Kenya's tourism earnings rose 15 percent in 2006 to 56.2 billion shillings ($799.4 million), boosted by aggressive marketing in traditional markets and new targets in Asia, the tourism authority said on Wednesday.
The Kenya Tourism Board said earnings in 2005 were 48.9 billion shillings.
Kenya, famed for its wildlife safaris and sunny beaches, received 1.8 million visitors in 2006 from 1.6 million in 2005, with the largest numbers arriving from Britain, the United States and Germany.
"The earnings exceeded our projected figure of 53 billion shillings by 5.6 percent," KTB Managing Director Ongong'a Achieng told a news conference.
He attributed the growth to increased flights to the country with the return of charter flights and the introduction of new routes by national carrier Kenya Airways.
"The major growth this year was experienced in China, with 27 percent over 2005," Achieng said. "We project revenue will grow by 10 percent in 2007."
Tourism, one of Kenya's biggest foreign exchange earners, started recovering in 2004 after years of decline, following bombings at the U.S. Embassy in Nairobi in 1998 and a hotel near the Indian Ocean coastal town of Mombasa in 2002.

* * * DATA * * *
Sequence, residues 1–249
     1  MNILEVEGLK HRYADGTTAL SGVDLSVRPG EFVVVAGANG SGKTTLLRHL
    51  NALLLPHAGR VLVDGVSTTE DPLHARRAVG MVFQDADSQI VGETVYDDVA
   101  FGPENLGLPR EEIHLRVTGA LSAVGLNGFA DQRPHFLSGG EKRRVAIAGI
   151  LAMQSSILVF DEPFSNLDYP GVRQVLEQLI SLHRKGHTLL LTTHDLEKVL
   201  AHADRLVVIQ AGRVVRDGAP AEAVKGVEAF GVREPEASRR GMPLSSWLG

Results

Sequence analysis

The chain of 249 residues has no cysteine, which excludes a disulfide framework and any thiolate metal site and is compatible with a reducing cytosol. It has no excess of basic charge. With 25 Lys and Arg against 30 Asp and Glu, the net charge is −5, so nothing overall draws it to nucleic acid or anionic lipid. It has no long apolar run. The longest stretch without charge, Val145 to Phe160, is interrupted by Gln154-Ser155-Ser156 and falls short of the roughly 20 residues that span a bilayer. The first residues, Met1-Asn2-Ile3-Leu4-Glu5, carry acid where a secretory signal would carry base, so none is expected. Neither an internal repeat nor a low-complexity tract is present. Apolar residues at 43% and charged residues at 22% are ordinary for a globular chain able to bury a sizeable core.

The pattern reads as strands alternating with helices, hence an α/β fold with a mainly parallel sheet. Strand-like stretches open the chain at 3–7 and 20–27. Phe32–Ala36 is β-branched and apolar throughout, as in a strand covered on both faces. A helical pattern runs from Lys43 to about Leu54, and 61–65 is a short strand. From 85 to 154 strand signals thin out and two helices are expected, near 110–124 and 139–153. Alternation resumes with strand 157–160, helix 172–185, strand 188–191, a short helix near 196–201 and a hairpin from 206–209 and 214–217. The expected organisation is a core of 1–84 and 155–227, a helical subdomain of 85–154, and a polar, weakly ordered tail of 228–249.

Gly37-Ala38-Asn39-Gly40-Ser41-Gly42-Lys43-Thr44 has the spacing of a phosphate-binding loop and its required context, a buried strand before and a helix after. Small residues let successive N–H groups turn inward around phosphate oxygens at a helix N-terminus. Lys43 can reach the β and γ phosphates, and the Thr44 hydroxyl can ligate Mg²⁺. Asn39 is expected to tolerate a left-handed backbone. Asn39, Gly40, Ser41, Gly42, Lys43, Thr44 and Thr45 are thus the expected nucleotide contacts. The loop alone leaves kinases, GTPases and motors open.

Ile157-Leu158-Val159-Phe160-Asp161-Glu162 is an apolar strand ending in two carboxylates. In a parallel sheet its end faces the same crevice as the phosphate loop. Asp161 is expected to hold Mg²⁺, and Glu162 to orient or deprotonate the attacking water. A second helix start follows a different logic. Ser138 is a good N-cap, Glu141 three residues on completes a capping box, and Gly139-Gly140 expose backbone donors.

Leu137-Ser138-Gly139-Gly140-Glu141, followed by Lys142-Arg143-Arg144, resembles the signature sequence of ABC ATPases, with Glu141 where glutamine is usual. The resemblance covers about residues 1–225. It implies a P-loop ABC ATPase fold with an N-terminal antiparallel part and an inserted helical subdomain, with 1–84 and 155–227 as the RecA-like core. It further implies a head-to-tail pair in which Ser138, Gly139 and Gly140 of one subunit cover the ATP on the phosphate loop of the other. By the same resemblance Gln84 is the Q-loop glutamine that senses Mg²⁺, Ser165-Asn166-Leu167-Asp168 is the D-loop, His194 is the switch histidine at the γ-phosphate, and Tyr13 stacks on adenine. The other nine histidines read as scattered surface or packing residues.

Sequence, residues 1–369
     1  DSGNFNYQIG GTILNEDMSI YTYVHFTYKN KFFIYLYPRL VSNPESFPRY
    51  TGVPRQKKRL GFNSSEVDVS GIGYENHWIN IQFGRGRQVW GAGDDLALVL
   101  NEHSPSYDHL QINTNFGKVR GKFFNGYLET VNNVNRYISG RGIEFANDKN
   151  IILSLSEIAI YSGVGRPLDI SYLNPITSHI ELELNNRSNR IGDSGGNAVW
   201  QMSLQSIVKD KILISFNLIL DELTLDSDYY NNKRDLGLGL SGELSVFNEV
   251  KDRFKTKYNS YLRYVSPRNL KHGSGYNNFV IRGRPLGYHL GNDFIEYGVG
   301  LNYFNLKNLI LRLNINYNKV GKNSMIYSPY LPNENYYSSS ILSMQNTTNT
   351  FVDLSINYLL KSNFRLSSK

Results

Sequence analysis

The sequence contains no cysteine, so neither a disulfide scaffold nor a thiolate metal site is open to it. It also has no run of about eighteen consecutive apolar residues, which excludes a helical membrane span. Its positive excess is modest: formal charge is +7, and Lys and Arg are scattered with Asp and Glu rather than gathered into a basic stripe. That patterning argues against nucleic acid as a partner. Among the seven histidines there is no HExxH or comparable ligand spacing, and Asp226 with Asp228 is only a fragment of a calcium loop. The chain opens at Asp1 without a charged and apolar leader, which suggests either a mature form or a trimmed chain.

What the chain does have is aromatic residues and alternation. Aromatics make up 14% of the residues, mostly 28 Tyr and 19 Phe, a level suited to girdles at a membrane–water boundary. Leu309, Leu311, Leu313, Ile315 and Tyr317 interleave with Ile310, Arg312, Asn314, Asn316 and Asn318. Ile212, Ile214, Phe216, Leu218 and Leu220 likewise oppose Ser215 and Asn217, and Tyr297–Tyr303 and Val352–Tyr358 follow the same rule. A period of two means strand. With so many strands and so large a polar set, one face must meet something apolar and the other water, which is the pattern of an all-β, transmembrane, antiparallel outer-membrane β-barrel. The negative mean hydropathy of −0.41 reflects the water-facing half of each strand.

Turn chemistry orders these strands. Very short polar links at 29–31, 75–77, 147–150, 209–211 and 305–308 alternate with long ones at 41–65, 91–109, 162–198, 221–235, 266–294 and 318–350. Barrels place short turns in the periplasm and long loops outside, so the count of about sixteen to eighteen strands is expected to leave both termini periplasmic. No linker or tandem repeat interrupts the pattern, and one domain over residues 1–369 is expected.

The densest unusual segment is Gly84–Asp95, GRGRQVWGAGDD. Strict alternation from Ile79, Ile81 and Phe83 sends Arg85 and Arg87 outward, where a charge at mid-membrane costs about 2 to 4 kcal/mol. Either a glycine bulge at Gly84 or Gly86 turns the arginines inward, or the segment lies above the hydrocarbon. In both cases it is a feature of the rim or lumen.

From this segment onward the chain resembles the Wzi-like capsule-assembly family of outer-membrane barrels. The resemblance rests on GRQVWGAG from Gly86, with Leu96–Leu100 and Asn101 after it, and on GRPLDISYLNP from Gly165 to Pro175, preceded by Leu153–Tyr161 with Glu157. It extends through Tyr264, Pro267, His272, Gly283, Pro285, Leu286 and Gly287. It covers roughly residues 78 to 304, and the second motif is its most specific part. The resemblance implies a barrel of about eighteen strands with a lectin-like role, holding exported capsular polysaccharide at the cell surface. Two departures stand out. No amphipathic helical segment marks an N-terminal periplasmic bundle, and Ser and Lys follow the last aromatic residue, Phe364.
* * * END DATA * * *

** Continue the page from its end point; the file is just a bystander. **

KTB said it expected a surge in visitors from the U.S. after the Masai Mara Game Reserve was named the 7th new wonder of the world by a panel of experts for ABC News "Good Morning America" and the newspaper USA Today, in November 2006.
The Mara, is famous for the annual migration of millions of wildebeest across the crocodile infested Mara River to the Serengeti Game Reserve in neighboring Tanzania.
But the industry is still grappling with poor roads, limited accommodation and high energy costs, KTB said.
Britons provided 171,409 visitors in 2006 compared with 153,228 in 2005, while tourists from the U.S. rose to 86,528 in 2006 from 73,574 in 2005. Germany had 83,394 visitors compared with 75,780 the previous year, KTB said.